All of the Above Energy

Gas Station

Arkansas’s energy prices are high. The gasoline we put in our cars and trucks and our monthly utility bill eats up a large part of family budgets. Even though gas prices have gone down in recent weeks, families are still feeling financial pressure. A few weeks ago I talked to a factory worker in Mountain Home who spends 20 percent of his income each month on gas. Higher gas and energy costs are forcing Arkansas families to make tough decisions around the kitchen table each month.

In rural communities we drive many miles to work, to the grocery store and to take our children to school. In cities, people walk or take public transit. High gas prices hit rural communities hard simply because we must travel great distances on a regular basis. Additionally, rural communities rely heavily on coal-fired energy to power their homes, businesses and farms. Arkansans and other rural Americans stand to lose when Washington tries to regulate rural energy production instead of creating a responsible national energy policy that works for all American.

Recently, leaders at the Environmental Protection Agency have proposed new rules for power plants that could dramatically increase energy costs for Arkansas families. The EPA is attempting to label coal ash, a byproduct of coal-fired powers plants, as a “special waste.” The new label would impose handling and disposal restraints on coal plant operators. Most of Arkansas’ power is generated by coal, and the new coal ash regulations would have a huge financial and operational impact on these plants. It would cost up to $42 million in capital improvements to meet the EPA’s new standards and would raise utility bills for families in our state who are already struggling.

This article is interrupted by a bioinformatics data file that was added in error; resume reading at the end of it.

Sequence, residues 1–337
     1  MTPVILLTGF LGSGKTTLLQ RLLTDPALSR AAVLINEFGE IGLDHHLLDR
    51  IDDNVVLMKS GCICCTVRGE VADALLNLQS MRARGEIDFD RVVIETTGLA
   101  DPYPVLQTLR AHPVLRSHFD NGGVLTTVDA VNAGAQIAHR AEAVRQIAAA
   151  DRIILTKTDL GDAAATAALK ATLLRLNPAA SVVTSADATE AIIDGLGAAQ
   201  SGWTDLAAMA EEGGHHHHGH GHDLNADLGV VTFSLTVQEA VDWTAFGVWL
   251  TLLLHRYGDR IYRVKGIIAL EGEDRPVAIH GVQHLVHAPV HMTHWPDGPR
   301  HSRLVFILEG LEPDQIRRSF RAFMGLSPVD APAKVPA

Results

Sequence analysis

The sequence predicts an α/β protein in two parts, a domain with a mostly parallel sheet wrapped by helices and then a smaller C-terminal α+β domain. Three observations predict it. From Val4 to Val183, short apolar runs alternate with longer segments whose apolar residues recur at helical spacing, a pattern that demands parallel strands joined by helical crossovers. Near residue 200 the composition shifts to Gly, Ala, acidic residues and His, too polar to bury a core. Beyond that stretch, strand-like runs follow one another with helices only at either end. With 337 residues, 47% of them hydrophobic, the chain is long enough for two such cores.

Unfortunately, the EPA is also rejecting clean coal technology and issuing strict standards for new coal-fired electric generating plants. The new standards essentially guarantee no new coal-fired plants will be built.  The Electric Cooperatives of Arkansas estimate it would cost $730 million to meet the EPA’s proposed standards. That’s $730 million dollars to be passed on to consumers through their monthly utility bill. At a time when America’s energy needs are increasing, the EPA should not stand in the way of building new power plants.

New energy sources for an “all of the above” energy policy are abundant. The American West is rich with oil shale reserves that can be used to power homes and businesses. Off-shore oil reserves provide a vast domestic energy source. The Keystone XL Pipeline can create thousands of jobs and generate a new source of oil right here in North America.

After months of high gas prices and rising utility bills, Arkansas families need a national energy policy to address our energy needs and protect rural communities from the EPA. Many in Washington have said all options need to be on the table to develop a national energy policy. But their actions are not matching their words. We cannot hope to generate enough power for over 300 million Americans without recognizing the importance of clean-coal technology, natural gas and oil. For Arkansas, an “all of the above” approach must include oil, coal and natural gas.

Arkansas’s energy prices are high. The gasoline we put in our cars and trucks and our monthly utility bill eats up a large part of family budgets. Even though gas prices have gone down in recent weeks, families are still feeling financial pressure. A few weeks ago I talked to a factory worker in Mountain Home who spends 20 percent of his income each month on gas. Higher gas and energy costs are forcing Arkansas families to make tough decisions around the kitchen table each month.

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